Abdulkader Tayob, professor of islamic studies at the University of Cape Town’s (UCT) Department of Religious Studies, was recently awarded with a prestigious Georg Forster Research Award by the Alexander von Humboldt Foundation. He had been nominated by Leibniz-Zentrum Moderner Orient (ZMO) and will be cooperating with ZMO colleagues closely over the course of the next few years.
ZMO has a long-ranging history of personal academic collaborations with Tayob as his research interests have overlapped with several working groups and individual researchers. He was last present at ZMO in April 2019, as a speaker at the conference “Claiming and Making Muslim Worlds”.
Currently, research interests are shared particularly with ZMO’s vice director Professor Kai Kresse and research unit leader Dr Abdoulaye Sounaye, as ZMO is beginning work on its new research programme “Thinking through translocal entanglements: Perspectives from Asia, Africa, and the Middle East”. Hereby, issues of conceptual decolonisation and the overcoming of Eurocentrism in scholarship constitute a major field of shared interest, especially concerning the problematique of area studies and the (mis-)representation of Africa.
Another shared theme of interest that may be worked through in collaboration is the focus on biographical trajectories of social actors, in Tayob’s case with a view to religious teachers and educators. At ZMO, one research unit has been dedicated to the topic of “trajectories of lives and knowledge” over the past six years, led by Dr Heike Liebau. Moreover, a newly constituted research unit on “Contested Religion” is keen to engage with Tayob’s work.
“The award provides an opportunity to fine-tune established themes and explore new directions with colleagues.”
“I received the news of the award with great joy and appreciation. It could not have come at a better time in my career. In fact, the award provides an opportunity to fine-tune established themes and explore new directions with colleagues. The award also merits gratitude to and appreciation of colleagues in Germany and Africa. An award might be assigned to an individual, but it reflects shared projects, questions and concerns,” says Tayob.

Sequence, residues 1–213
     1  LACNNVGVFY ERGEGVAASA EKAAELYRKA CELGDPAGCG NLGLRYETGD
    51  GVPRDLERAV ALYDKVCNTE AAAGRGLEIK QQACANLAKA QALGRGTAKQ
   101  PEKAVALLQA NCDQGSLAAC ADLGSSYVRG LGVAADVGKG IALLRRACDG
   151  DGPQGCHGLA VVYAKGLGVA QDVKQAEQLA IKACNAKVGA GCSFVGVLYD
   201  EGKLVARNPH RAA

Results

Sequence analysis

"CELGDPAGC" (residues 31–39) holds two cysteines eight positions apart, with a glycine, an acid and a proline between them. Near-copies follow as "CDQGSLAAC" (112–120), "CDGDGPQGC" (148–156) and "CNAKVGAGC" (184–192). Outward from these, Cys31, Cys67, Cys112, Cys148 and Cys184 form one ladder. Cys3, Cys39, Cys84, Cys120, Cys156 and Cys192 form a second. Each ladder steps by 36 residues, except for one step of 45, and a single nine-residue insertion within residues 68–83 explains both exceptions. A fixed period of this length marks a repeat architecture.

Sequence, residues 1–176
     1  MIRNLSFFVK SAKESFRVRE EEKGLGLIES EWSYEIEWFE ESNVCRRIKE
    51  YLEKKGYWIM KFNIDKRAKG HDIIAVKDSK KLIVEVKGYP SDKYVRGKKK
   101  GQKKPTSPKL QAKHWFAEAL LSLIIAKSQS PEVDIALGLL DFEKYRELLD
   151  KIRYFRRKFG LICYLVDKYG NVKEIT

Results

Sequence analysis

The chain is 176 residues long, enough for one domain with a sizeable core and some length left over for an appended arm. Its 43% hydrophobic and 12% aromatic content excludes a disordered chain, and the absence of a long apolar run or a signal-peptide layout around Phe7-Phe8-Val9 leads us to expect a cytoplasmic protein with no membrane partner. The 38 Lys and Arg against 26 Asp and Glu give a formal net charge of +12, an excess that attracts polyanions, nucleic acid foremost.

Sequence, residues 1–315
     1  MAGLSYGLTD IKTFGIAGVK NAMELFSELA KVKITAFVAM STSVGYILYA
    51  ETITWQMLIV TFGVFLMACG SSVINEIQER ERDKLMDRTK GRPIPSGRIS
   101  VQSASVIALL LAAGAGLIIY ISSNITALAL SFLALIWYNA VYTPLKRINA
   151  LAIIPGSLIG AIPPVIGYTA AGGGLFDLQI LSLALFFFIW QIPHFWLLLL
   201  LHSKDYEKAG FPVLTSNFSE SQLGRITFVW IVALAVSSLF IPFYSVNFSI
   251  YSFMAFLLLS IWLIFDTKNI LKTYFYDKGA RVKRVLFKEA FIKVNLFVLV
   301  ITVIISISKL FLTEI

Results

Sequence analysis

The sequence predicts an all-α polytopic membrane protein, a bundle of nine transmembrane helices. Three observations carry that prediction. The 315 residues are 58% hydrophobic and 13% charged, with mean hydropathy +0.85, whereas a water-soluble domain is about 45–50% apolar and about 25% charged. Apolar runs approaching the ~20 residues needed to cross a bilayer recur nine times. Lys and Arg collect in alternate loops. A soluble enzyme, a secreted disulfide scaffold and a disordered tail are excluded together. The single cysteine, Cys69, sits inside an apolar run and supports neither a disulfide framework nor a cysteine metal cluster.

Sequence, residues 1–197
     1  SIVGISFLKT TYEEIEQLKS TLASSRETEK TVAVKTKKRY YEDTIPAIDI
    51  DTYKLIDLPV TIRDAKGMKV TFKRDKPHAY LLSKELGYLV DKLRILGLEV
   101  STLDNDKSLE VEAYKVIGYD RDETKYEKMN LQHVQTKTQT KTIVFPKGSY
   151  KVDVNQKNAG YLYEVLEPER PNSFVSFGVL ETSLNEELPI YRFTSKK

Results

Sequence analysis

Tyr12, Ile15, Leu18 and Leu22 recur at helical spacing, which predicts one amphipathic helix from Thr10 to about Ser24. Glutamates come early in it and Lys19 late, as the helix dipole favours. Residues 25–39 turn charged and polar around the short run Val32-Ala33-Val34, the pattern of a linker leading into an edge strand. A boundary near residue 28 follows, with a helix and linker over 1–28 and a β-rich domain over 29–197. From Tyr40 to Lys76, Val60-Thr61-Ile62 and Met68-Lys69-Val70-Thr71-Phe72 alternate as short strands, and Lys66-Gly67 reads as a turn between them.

A longer-term partnership with Tayob at UCT would seek to include possibilities and opportunities for researchers to visit each other’s institutions and work on extensive collaborative projects. Mutual consultations and discussions of research practices will fundamentally benefit participants from both sides.
Tayob currently holds the Department of Science and Technology/National Research Foundation South African Research Chair (SARChI) in Islam, African Publics and Religious Values at UCT. Previously, he held one of four professorial chairs (2002-2006) at the Institute for the Study of Islam in the Modern World (ISIM) in the Netherlands. Tayob’s research has set standards for the contemporary study of Islam in South Africa and Africa more widely. Many graduate students and postdoctoral mentees, from diverse parts of Africa (and beyond) applied and extended his approach to the study of Muslim contexts in Africa and elsewhere.
His work also has relevant general conceptual and methodological implications for religious studies more broadly. Tayob seeks to re-think opportunities and potentials that are not reliant upon the currently dominant western schools of thought, but lets himself be creatively inspired, in order to forge and use new spaces for necessary re-conceptualisations of key terms and methods in research. Among his monographs are Islamic Resurgence in South Africa (University of Cape Town Press, 1995), Islam in South Africa: Mosques, Imams, Sermons (University of Florida Press, 1998) and Religion in modern Islamic discourse (Columbia University Press and Hurst, 2009).
Tayob seeks to re-think opportunities and potentials that are not reliant upon the currently dominant Western schools of thought...
The Alexander von Humboldt Foundation grants the Georg Forster Award in recognition of a researcher's entire achievements to date to academics of all disciplines whose fundamental discoveries, new theories or insights have had a significant impact on their own discipline and beyond and who are expected to continue developing research-based solutions to the specific challenges facing transition and developing countries. The award amount totals EUR60 000. Award winners are invited to conduct a research project of their own in Germany in close collaboration with a specialist colleague.
The award ceremony will take place on 25 June 2020 in Berlin. Starting in October 2020, Tayob will work at Leibniz-Zentrum Moderner Orient for a period of six months.